Technical Study of Scriptural Biomass Gasification
Researchers at the National Renewable Energy Labs have announced the completion of an ARPA-E sponsored study comparing the relative gasification efficiencies of key scriptures from the world’s major religions as biomass feedstocks. The researchers gasified typical exemplars of the Bhagavadgita, the Analects of Confucius and the Tao (in one reversible volume), the Torah (with and without Talmud), the Bible plus Apocryphas, the 21 Theses, the Qur’an, the Kitab-i-Aqdas, the Book of Mormon, and several archaic Palimpsests and ancient Papyrii scrolls, among others. They quantified energy production as well as analyzed ash content and gaseous emissions from the scriptures. As study controls, they also tested Plato’s Republic, Rosseau’s Social Contract, Marx’s Das Kapital, Darwin’s Origin of the Species, Tolstoy’s War and Peace, Joyce’s Ulysses, the Illustrated Encyclopedia of Flags of the World, the ‘Compleat’ Beatles Songbook, the C+++ Operating System Code (line by line), and a transcription of the Wikileaks documents database.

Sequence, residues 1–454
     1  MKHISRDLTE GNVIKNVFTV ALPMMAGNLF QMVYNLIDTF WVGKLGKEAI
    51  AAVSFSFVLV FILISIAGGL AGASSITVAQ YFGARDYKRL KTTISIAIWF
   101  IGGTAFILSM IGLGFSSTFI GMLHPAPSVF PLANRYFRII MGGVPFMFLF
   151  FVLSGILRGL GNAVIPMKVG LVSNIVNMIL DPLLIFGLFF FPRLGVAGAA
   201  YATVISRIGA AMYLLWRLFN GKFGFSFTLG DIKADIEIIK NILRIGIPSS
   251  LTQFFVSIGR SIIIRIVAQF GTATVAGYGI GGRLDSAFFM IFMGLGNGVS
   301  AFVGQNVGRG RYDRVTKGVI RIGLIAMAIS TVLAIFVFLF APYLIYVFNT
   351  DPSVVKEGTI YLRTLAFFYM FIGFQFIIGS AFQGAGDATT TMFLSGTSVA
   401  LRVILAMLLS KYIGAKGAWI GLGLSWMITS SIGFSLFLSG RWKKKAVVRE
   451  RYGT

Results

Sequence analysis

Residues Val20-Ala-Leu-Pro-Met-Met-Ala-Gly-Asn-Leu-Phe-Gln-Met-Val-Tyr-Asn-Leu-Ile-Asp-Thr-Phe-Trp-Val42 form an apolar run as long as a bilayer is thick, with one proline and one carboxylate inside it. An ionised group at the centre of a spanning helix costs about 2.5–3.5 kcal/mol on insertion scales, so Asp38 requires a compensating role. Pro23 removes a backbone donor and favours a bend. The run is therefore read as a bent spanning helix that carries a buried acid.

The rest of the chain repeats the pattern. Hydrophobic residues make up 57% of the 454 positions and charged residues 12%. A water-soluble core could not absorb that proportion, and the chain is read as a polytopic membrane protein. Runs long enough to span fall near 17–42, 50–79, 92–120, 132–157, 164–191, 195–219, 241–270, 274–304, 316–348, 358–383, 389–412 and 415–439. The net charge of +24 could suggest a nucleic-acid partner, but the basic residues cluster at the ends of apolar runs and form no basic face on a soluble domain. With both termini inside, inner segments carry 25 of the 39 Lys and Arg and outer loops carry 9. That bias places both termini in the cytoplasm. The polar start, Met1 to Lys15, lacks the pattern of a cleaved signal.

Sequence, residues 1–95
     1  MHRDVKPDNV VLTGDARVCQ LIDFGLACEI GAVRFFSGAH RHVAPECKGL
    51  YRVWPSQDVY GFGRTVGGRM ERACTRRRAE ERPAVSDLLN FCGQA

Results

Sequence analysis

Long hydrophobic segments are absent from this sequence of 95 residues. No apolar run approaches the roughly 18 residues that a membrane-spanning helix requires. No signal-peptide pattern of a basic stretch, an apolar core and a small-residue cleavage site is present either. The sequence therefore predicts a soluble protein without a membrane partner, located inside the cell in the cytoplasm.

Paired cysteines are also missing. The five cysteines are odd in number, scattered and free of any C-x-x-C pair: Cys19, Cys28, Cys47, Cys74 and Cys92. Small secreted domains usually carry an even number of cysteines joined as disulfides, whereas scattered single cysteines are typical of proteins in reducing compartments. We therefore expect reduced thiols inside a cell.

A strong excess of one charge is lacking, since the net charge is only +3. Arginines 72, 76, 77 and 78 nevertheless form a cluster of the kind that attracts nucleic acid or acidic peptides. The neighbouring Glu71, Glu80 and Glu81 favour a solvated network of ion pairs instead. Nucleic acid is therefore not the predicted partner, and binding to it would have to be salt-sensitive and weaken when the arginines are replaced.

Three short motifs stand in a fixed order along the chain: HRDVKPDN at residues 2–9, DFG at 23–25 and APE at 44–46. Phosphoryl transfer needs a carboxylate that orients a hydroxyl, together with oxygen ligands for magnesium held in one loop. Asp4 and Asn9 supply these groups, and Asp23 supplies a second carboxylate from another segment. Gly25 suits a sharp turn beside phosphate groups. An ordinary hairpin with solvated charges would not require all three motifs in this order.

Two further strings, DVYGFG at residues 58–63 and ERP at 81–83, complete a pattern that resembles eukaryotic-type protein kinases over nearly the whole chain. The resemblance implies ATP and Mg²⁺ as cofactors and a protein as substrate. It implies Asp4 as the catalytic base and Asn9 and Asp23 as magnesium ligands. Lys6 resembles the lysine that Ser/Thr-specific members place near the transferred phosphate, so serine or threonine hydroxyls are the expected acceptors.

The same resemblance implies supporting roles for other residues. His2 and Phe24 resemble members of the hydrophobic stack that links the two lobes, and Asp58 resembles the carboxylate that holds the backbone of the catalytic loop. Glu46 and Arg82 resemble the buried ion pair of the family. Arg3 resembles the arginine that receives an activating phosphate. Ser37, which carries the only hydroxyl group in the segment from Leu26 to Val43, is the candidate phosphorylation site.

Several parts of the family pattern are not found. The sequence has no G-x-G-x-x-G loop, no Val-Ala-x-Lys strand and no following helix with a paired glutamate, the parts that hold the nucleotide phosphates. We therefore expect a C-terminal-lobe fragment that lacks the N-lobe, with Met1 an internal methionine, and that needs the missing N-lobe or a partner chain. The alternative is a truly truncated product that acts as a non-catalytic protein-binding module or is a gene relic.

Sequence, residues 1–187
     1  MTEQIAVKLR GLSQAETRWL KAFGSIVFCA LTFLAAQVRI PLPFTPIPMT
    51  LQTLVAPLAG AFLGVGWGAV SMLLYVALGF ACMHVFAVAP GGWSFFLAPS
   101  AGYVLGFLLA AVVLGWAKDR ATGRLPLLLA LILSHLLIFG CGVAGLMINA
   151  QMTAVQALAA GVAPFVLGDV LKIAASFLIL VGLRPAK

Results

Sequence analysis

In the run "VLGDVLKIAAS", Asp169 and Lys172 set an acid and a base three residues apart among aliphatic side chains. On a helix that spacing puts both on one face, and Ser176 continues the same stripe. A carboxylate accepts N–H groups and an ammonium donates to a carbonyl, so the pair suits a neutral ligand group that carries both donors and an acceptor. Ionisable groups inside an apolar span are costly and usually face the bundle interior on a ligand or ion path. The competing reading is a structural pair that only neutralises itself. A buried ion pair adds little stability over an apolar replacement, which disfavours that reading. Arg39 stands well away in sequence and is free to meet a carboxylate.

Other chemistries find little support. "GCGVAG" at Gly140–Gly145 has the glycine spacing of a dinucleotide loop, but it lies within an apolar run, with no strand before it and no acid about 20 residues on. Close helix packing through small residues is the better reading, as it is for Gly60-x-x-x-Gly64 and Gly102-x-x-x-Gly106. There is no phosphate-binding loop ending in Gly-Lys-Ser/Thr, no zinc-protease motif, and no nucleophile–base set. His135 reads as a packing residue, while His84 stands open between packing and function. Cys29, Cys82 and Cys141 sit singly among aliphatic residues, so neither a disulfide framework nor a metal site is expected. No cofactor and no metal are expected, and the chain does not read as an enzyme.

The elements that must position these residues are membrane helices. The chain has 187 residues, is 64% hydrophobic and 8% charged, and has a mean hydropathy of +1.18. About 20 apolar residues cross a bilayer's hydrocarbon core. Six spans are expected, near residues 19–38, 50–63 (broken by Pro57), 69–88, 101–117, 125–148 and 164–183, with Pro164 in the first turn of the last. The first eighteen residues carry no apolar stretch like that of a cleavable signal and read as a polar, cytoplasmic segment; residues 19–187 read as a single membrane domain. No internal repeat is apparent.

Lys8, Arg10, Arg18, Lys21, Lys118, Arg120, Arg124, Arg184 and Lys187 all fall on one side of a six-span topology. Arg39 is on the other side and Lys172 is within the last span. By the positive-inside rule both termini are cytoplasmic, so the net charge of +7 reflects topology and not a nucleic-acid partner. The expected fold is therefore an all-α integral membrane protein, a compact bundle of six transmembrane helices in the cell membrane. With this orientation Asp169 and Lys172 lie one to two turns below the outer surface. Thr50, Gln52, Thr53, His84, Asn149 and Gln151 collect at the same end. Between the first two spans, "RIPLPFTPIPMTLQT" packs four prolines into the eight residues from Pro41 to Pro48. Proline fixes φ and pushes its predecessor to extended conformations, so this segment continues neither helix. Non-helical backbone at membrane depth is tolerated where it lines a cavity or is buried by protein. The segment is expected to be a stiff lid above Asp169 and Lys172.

The researchers emphasize that gasification is an oxygen free form of energy production and that at no time were any of the scriptures or flag books or Beatles music burned (since burning involves combustion in oxygen).
The findings suggest that scriptural biomass could provide energy at an average efficiency of 23% which compares favorably with other forms of plant biomass and is about the same rate as the controls. Since it is estimated that there exists approximately 6-8 billion tonnes of scriptural biomass in the world today, its use as a feedstock could supply enough energy to power 6,000,000 homes for one year in the developed world and about 4 to 5 times as many homes in the developing world.
They speculate that scriptural biomass may have a greater energy impact if used to take people’s minds away from worldly energy shortages and thus reduce the demand for energy in the first place. However, scriptural biomass could also be having the opposite effect by distracting people in the developing world to ignore energy related costs and thereby increase energy demand. They will be conducting a Life Cycle Assessment to try to compare the energy impacts of indirect scriptural use change leakages.
The research was co-sponsored by the International Society of April Fuels.